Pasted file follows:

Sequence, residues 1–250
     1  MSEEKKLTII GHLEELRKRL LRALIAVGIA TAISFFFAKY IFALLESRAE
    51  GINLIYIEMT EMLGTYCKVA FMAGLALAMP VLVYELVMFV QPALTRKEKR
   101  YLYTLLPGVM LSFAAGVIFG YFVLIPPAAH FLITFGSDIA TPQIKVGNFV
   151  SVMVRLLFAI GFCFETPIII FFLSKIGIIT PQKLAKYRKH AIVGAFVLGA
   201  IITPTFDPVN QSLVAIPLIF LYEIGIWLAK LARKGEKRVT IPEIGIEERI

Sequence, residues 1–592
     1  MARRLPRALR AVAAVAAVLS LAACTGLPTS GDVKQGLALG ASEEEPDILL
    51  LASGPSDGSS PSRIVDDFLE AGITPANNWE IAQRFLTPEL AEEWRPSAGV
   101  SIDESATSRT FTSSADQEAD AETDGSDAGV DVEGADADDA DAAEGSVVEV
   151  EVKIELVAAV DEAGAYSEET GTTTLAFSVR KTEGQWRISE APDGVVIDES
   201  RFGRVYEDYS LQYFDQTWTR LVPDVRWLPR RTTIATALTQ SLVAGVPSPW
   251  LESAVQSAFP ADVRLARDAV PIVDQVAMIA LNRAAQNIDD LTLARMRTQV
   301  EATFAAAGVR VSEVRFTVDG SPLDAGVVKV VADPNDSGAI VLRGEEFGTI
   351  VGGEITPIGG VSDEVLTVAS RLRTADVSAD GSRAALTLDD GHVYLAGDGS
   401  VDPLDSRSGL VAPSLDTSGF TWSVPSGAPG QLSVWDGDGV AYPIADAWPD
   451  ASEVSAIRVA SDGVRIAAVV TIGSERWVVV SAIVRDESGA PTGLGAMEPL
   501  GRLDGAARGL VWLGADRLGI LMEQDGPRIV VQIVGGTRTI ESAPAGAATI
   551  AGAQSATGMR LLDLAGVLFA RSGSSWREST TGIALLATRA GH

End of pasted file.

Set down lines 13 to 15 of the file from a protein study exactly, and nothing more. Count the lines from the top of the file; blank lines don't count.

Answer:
   251  LESAVQSAFP ADVRLARDAV PIVDQVAMIA LNRAAQNIDD LTLARMRTQV
   301  EATFAAAGVR VSEVRFTVDG SPLDAGVVKV VADPNDSGAI VLRGEEFGTI
   351  VGGEITPIGG VSDEVLTVAS RLRTADVSAD GSRAALTLDD GHVYLAGDGS